Tweed River dredging project that will provide a clearer and safer channel for the commercial and recreational boating community is set to begin in mid-August, according to the Tweed Nationals MP, Geoff Provest.
The project is part of a larger Tweed Sand Bypassing (TSB) scheme, a joint initiative of the New South Wales and Queensland State Governments.
The two objectives of the TSB are to establish and maintain a safe, navigable entrance to the Tweed River, and restore and maintain the coastal sand drift of the southern Gold Coast beaches.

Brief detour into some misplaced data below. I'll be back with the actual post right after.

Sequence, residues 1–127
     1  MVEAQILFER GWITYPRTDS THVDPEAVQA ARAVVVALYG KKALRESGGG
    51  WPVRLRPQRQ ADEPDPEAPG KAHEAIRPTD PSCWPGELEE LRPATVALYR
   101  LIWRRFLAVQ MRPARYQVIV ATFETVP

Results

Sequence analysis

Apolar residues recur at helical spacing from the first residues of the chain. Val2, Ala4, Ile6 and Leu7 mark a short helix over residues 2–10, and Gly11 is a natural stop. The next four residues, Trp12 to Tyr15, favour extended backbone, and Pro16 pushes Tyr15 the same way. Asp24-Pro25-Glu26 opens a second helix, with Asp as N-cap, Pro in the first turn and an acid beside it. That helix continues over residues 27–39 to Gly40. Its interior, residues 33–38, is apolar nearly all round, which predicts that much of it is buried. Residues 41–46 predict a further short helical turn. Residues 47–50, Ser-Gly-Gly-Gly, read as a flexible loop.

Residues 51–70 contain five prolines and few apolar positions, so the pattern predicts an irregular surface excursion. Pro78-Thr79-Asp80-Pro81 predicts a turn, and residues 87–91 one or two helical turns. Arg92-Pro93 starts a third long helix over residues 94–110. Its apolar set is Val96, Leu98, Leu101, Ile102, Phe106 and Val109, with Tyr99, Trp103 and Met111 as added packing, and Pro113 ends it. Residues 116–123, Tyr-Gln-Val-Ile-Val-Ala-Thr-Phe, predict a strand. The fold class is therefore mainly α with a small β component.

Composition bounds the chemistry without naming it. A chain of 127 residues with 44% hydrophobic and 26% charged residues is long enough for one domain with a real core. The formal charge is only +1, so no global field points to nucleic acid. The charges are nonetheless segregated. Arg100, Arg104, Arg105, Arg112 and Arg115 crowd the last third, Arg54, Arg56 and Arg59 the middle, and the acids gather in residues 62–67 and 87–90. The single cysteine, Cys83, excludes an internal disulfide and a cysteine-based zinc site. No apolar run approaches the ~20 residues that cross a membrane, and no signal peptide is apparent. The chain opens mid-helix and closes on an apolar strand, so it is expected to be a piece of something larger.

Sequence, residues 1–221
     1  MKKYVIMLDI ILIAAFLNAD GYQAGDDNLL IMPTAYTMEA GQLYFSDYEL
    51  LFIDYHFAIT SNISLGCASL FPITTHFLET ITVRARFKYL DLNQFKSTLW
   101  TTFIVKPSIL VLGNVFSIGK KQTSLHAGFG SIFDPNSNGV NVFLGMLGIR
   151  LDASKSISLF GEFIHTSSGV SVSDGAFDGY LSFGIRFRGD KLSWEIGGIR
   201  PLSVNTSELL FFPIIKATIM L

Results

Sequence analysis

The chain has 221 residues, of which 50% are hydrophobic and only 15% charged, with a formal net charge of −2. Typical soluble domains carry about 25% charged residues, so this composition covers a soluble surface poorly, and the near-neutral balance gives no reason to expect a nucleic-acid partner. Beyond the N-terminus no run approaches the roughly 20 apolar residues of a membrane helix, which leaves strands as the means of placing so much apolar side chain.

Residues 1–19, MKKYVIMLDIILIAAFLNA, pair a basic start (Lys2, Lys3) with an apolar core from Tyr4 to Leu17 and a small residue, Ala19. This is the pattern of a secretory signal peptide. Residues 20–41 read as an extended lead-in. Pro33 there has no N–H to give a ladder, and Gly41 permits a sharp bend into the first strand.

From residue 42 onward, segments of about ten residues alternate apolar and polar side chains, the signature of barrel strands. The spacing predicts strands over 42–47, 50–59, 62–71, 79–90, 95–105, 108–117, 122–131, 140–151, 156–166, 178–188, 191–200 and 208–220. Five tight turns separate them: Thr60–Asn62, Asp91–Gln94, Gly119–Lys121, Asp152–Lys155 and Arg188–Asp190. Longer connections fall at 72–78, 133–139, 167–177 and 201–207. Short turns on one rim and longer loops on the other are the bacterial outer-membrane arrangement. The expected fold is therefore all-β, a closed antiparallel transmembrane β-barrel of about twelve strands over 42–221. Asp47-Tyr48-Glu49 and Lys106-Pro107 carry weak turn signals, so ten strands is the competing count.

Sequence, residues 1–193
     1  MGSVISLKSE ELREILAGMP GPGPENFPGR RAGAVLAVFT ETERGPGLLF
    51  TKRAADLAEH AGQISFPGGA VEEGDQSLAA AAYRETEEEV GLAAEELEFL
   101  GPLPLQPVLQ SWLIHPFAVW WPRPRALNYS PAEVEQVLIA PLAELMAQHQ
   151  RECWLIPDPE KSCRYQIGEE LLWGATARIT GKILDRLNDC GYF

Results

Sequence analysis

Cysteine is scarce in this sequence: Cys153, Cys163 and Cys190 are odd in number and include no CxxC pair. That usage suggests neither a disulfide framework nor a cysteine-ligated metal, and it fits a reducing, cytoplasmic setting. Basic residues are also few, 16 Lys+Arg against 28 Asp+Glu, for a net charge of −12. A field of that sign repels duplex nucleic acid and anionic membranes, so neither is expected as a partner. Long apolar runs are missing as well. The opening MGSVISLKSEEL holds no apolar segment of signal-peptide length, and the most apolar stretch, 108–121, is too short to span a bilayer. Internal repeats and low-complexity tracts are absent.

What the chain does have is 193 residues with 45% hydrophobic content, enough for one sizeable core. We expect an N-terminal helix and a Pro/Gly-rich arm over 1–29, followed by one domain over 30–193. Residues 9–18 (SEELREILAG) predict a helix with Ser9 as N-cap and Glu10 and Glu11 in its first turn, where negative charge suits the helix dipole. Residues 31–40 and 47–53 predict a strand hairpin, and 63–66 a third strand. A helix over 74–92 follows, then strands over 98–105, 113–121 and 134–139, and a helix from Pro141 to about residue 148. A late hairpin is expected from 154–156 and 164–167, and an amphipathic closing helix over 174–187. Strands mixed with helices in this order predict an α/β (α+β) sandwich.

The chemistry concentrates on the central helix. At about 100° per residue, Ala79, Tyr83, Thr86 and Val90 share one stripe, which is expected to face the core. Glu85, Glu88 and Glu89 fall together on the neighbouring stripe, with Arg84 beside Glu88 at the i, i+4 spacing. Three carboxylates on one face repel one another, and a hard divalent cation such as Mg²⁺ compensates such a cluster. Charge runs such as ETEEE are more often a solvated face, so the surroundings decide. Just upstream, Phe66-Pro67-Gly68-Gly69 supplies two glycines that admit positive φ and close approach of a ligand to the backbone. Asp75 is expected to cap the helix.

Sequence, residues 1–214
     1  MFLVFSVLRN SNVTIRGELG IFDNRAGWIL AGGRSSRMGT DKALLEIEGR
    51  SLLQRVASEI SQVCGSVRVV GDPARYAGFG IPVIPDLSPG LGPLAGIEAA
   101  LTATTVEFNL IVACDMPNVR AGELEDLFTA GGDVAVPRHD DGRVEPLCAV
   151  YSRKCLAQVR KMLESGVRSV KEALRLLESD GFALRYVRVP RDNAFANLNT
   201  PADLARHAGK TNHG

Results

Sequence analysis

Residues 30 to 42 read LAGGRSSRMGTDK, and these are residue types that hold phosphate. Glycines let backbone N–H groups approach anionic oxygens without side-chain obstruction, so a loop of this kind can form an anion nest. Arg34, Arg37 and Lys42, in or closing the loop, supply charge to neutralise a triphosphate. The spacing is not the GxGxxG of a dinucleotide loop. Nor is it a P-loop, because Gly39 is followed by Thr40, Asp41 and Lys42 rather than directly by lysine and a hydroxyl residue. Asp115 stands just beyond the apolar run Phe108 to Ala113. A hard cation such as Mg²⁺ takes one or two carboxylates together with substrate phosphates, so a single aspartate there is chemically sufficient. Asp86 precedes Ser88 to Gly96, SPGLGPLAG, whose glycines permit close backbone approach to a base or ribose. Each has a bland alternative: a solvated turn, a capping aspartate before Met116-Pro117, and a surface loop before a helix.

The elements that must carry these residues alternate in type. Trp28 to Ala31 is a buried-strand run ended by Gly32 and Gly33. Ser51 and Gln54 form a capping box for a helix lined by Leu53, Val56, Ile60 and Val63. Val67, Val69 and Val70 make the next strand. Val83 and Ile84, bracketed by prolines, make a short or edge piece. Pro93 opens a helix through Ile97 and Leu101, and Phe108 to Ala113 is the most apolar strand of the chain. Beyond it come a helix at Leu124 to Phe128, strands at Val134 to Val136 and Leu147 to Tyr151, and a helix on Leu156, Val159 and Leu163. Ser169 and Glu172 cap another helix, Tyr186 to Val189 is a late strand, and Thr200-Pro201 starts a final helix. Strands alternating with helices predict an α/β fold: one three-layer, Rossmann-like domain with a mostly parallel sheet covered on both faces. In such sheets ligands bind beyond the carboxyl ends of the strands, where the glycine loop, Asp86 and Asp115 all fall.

TSB is made up of both the sand bypassing facility and periodic entrance dredging. The jetty collects most of the coastal sand drift, but some sand still moves past the jetty and into the Tweed River entrance. This sand builds up over time, requiring periodic dredging.
The Tweed Sand Bypass team regularly monitor the state of the entrance and the condition of the beaches. The frequency of dredging depends on how much sand has built up in the entrance. When dredging occurs it is undertaken in the calmer months of July, August and September.
The last dredging campaign, which was performed by hopper dredge Albatros in 2021, included removal of approx. 150,000 cubic metres of sand from the channel.